CM . . . . Volume XX Number 13 . . . . November 29, 2013
Morven and the Horse Clan is a work of prehistorical fiction, an adventure story set in 3500 B.C. Teenaged Morven lives in a hunter-gatherer clan on the plains of what is now Kazakhstan. Families within the clan are matrilineal, centring around a mother and her children, with the maternal uncle playing a provider/protector role. Fatherhood seems irrelevant. Morven has bright red hair like the northern people she has seen at a Gathering of the clans, but her two younger sisters are dark-haired like their mother, Botan.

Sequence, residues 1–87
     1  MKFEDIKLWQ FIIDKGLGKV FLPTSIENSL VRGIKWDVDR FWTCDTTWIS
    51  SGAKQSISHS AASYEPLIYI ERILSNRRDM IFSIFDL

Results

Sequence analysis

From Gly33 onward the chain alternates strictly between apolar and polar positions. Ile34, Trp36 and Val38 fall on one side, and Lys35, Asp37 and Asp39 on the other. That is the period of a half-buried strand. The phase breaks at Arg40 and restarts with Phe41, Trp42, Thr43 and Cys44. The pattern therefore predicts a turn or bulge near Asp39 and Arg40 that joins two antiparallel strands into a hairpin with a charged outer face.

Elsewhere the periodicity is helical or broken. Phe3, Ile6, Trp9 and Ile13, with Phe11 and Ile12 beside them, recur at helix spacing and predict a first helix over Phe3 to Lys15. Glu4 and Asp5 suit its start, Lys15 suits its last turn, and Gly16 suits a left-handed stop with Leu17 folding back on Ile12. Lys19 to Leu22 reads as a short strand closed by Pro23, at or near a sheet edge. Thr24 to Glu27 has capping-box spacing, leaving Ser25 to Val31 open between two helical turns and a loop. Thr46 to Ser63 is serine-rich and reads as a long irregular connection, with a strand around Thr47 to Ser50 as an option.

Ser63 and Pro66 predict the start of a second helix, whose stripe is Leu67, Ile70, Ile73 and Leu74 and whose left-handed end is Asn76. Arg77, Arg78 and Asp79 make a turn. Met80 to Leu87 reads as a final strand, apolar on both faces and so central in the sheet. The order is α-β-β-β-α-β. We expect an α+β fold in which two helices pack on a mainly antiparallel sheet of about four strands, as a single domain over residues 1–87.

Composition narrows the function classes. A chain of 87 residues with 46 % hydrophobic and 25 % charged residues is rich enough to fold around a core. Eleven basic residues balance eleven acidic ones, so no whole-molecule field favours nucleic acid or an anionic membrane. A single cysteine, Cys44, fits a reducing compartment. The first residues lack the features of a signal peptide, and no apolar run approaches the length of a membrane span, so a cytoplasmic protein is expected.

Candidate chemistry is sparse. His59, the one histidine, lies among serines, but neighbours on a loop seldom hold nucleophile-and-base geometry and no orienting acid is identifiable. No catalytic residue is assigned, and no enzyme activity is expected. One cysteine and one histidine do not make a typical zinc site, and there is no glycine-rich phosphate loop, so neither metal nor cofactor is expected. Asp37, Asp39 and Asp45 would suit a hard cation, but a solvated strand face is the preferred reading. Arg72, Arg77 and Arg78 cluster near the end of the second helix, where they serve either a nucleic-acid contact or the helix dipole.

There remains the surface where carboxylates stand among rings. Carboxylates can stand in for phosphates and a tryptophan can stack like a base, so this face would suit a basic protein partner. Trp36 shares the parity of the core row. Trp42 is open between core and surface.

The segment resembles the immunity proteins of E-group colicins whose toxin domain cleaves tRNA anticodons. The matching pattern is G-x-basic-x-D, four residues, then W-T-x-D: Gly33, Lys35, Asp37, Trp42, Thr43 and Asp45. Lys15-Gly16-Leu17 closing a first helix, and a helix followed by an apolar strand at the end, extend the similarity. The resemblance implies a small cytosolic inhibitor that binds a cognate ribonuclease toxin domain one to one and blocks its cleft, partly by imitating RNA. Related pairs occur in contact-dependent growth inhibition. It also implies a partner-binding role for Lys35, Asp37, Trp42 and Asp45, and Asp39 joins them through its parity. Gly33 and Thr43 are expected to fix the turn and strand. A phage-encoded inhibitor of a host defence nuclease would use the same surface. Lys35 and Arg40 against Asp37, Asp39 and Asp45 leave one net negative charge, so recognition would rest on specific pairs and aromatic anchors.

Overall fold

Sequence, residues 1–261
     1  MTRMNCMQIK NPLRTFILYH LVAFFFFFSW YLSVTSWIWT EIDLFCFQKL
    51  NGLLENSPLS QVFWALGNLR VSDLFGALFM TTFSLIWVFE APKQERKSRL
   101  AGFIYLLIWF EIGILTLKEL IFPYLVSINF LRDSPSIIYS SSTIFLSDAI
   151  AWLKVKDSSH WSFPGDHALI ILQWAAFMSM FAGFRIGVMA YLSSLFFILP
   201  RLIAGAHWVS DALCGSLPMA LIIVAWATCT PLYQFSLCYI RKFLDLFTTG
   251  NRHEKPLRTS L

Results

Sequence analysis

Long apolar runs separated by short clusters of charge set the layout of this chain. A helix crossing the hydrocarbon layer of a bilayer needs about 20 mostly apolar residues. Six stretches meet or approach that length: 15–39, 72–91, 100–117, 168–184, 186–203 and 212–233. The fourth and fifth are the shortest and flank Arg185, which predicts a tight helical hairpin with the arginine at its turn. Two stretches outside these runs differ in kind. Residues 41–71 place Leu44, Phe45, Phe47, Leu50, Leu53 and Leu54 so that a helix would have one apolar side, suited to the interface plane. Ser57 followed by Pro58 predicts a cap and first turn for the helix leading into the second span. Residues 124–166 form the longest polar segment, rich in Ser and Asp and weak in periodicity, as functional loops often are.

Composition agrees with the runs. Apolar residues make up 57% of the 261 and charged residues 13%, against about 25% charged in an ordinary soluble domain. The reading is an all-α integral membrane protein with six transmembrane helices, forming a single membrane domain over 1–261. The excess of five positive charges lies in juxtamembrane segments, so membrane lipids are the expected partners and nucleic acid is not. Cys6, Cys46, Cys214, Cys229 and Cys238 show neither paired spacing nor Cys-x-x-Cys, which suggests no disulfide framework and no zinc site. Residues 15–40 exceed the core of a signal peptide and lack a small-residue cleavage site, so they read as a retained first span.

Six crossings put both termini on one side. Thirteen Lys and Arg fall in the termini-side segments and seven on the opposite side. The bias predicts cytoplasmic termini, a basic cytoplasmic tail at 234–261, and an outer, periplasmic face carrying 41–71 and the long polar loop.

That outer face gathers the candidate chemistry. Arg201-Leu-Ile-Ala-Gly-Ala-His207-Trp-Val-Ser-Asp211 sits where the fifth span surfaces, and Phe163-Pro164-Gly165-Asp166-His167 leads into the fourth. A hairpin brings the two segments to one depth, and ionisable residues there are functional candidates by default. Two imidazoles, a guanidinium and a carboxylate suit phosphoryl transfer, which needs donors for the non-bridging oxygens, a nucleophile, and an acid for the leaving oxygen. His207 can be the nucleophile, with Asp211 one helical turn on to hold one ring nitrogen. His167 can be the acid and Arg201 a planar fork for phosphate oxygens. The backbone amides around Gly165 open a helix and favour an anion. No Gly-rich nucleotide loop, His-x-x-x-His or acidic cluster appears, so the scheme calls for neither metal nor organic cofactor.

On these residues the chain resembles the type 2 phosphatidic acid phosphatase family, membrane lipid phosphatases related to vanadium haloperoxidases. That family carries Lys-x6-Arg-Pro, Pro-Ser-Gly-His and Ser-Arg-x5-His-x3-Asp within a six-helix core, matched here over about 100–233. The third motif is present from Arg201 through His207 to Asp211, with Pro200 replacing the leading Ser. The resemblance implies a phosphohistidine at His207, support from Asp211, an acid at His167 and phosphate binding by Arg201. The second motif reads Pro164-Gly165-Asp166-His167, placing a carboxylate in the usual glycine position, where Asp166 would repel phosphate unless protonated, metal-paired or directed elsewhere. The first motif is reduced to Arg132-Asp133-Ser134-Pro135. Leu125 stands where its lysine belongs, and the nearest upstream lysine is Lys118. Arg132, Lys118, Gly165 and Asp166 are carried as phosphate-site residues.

The nomadic clan migrates over the same territory, following the seasons. At clan council meetings, in which both men and women participate, discussion centres on where to go to escape the drought which is causing hunger. Although women hunt for small animals, there is a gendered division of labour in the clan, with the men hunting and the women staying in the camp to look after the children, clean hides, gather roots and berries, and prepare food. To her mother's consternation, Morven prefers the men's way of life. Her uncle, Nazar, says, "[S]he can learn both ways." Eventually, Morven's mother sends her out with her bow and arrow to hunt, saying that, although the men will not like having a girl along, her little sisters need more meat and fat than the men will give them.